A long-term study of 11,000 British civil servants found a link between high job strain and coronary heart disease. While it doesn’t necessarily show a cause and effect between working long hours and getting heart disease, the study found that symptoms of heart disease were higher in those working long hours, Reuters reported.
An extra one or two hours of work beyond a seven-hour work day didn’t seem to increase risk of heart disease—but the risk was 60% higher for those who worked three to four hours overtime, according to the news report.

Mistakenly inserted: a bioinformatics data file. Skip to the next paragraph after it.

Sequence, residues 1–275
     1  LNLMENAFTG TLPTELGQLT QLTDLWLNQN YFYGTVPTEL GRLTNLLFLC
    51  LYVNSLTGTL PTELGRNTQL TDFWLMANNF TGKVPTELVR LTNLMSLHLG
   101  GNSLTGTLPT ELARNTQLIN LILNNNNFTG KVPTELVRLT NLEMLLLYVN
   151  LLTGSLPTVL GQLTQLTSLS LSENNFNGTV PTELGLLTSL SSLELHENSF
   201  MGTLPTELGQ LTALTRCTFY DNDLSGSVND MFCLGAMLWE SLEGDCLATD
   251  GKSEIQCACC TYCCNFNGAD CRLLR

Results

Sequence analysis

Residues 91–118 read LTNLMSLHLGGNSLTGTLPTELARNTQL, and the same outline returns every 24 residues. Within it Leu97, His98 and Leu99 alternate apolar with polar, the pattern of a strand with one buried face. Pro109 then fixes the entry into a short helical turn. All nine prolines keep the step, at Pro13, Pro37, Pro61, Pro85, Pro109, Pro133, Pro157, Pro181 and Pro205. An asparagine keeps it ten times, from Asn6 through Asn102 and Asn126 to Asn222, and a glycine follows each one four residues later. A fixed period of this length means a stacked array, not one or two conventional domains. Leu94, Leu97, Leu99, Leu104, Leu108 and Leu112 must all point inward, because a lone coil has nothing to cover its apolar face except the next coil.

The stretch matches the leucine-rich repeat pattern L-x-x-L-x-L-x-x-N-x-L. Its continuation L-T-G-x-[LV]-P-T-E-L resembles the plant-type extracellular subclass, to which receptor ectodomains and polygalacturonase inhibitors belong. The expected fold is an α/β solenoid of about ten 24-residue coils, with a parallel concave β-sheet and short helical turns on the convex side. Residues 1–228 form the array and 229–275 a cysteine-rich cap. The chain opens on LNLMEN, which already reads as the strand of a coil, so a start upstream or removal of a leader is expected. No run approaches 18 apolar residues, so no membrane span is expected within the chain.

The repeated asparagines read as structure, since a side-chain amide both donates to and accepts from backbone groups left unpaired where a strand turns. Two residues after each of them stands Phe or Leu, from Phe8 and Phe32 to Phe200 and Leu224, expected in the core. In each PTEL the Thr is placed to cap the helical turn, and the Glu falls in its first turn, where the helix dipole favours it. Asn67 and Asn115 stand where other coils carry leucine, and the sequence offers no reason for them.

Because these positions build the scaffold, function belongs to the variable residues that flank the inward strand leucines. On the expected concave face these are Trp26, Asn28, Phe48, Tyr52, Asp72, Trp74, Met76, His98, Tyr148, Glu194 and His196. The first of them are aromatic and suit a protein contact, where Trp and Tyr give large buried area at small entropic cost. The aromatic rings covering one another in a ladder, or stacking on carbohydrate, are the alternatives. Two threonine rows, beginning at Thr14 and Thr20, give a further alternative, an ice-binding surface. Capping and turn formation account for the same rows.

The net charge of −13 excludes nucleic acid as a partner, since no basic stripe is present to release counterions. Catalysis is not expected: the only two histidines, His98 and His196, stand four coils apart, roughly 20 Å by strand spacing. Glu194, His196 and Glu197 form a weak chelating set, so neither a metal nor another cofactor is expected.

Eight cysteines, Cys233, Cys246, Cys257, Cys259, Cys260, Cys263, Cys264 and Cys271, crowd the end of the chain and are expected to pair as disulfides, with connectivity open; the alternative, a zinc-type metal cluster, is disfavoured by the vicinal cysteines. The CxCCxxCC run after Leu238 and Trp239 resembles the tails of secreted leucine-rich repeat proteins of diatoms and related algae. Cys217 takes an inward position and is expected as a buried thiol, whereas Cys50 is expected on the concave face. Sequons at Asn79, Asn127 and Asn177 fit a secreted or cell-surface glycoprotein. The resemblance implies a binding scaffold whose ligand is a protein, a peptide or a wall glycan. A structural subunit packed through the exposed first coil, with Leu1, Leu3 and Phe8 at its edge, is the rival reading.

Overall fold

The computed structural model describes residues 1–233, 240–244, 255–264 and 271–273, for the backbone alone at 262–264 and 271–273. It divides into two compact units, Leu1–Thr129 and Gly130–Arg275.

The study adjusted for other risk factors, such as smoking, being overweight, or having high cholesterol. However, the lifestyle of people working long hours could deteriorate over time, noted researcher Dr. Marianna Virtanen, an epidemiologist at the Finnish Institute of Occupational health and University College London, according to Reuters. For instance, working long hours could lead you to drink more or have a poor diet.
Furthermore, long hours might be associated with work-related stress or working while you are sick. “Overtime-induced work stress might contribute to a substantial proportion of cardiovascular disease,” Gordon McInnes, professor of clinical pharmacology at the University of Glasgow’s Western Infirmary, told Reuters.
The study findings are published in the European Heart Journal.